By Katrina Willis. Today, seventeen is also the age of my firstborn.
So what’s my job now? To laugh with them I guess, about life and things we shouldn’t take too seriously. To care about something enough that it drives you. To teach them not to depend on me, but still need me. And how to be independent, but value community and family. Teach them how to be big brothers to their sister and how to figure out what they believe, stand up for it, but not be intolerant of others.
By Rachel Macy Stafford. If you are a writer, then you know there is almost always an obstacle between you and your writing.
I’ll always love you. That’s what moms should know.
That's the problem with being a person that's been left or rejected: it can haunt you.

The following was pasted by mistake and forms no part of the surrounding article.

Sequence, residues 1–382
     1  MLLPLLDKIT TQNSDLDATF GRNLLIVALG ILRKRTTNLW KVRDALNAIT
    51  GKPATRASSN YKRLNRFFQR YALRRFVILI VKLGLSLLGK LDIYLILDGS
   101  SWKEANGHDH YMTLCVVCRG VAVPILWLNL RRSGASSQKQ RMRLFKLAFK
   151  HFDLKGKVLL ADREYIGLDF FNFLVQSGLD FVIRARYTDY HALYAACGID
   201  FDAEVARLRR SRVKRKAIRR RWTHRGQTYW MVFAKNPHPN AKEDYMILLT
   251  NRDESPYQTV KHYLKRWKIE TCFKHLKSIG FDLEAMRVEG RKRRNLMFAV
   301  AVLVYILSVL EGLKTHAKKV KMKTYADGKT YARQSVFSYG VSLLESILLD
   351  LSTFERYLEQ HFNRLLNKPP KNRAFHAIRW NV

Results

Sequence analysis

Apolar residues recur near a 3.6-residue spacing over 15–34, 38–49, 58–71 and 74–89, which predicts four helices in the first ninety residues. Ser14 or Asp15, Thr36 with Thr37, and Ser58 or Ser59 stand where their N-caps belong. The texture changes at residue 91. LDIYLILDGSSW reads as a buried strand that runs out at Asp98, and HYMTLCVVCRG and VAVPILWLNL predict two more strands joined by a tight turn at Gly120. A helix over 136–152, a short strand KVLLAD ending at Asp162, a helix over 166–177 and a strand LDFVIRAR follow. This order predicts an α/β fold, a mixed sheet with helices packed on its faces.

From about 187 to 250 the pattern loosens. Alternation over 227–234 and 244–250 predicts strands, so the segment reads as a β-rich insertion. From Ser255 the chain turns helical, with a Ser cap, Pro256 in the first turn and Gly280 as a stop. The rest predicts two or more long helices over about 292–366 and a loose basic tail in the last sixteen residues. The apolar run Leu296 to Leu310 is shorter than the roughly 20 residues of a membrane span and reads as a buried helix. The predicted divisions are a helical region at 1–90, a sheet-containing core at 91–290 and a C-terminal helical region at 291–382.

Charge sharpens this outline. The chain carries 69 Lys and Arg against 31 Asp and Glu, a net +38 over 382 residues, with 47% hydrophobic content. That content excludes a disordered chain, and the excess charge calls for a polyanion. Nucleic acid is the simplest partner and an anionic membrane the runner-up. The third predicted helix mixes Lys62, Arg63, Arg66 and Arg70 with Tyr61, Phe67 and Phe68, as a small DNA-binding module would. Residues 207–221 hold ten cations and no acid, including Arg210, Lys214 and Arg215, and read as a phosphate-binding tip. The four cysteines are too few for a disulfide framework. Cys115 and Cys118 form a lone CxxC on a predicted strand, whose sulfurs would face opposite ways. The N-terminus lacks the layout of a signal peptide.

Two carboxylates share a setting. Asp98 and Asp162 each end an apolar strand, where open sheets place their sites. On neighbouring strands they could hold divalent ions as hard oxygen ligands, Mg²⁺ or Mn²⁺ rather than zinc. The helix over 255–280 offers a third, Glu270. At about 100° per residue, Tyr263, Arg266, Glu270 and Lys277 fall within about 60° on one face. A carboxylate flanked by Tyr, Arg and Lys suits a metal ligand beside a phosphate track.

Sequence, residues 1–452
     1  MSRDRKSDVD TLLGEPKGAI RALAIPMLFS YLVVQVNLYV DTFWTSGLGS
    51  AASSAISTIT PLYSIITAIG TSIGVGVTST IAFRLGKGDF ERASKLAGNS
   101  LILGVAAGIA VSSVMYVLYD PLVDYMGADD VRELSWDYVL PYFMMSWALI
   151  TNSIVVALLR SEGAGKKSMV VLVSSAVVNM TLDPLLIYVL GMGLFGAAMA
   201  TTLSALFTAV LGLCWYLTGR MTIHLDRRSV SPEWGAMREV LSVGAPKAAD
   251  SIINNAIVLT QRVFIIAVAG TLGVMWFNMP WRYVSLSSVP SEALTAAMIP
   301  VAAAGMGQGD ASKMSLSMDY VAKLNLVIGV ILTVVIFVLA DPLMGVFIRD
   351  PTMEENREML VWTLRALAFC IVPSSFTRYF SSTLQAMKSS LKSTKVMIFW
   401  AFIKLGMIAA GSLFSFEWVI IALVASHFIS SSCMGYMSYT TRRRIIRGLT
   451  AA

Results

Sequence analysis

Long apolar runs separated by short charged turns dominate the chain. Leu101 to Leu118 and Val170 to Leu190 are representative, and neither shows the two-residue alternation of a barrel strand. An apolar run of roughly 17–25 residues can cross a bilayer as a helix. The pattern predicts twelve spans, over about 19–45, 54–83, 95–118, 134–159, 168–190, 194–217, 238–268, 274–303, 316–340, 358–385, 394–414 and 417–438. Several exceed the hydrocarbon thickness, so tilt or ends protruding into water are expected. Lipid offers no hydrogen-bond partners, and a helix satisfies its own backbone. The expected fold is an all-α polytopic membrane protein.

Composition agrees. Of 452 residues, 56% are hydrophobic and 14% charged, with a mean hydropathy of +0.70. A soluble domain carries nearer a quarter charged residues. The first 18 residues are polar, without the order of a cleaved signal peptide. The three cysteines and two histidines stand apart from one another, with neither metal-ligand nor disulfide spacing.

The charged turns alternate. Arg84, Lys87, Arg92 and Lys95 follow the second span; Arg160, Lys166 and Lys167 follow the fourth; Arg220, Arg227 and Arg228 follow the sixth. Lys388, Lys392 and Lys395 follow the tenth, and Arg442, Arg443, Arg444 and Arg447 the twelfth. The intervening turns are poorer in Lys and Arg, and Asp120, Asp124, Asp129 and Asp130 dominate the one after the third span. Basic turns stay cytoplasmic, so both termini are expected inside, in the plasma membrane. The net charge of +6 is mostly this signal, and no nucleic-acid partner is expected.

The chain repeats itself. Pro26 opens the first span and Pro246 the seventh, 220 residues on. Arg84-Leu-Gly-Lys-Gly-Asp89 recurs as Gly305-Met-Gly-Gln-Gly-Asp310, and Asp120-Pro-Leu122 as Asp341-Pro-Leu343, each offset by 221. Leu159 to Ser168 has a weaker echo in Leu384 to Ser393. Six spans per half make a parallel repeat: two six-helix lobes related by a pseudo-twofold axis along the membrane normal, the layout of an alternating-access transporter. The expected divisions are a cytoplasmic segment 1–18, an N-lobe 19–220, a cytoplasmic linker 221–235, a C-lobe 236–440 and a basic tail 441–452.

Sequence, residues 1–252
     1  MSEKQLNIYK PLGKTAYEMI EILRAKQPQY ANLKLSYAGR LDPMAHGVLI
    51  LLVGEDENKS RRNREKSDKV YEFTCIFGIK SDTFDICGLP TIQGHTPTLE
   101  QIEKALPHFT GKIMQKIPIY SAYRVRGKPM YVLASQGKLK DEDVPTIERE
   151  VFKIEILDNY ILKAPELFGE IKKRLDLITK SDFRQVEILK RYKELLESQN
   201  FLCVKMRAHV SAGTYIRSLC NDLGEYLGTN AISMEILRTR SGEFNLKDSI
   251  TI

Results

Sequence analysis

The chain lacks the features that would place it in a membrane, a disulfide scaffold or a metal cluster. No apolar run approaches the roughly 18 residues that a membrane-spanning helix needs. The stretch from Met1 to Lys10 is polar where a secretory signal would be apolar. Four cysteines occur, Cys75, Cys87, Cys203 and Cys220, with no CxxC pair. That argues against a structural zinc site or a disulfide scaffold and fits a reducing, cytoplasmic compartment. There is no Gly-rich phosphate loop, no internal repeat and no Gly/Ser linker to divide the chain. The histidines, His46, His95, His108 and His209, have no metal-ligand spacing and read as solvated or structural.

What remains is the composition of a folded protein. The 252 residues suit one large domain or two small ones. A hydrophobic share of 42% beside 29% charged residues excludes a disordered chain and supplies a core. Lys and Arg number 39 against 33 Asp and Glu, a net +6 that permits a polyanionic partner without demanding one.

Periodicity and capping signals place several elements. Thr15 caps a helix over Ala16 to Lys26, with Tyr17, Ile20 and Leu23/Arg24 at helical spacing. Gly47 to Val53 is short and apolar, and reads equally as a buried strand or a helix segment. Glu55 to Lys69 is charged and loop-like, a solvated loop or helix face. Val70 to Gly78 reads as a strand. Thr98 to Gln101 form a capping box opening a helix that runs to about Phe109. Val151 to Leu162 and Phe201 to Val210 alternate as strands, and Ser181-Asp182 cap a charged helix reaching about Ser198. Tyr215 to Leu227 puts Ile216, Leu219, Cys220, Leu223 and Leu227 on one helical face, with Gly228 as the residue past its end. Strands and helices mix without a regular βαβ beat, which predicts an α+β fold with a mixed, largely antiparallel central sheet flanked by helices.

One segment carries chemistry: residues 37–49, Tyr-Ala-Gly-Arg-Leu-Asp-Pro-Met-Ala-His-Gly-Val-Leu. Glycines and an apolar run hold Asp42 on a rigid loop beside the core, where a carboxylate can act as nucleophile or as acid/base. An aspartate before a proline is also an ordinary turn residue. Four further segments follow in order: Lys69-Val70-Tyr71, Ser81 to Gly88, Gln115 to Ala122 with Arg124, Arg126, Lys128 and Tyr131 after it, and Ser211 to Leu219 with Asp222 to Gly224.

by Matilda Beltz, age 13 Should I put that picture of my PSL on my snapchat story? Does this selfie look bad? Do they all secretly hate me? Are my …
As my son’s teenage years approached, I knew I didn’t want to be that mom.
My little boy who once so openly adored me is masked by pre-teen, eye-rolling, heavy-sighing adolescence.
I remember feeling nervous as a 9th grade girl—wanting to feel pretty, fretting over whether my outfit and hair were just right, putting on a face of confidence when I was terrified on the inside.
But somehow the birthdays came mighty fast. One. Five. Nine.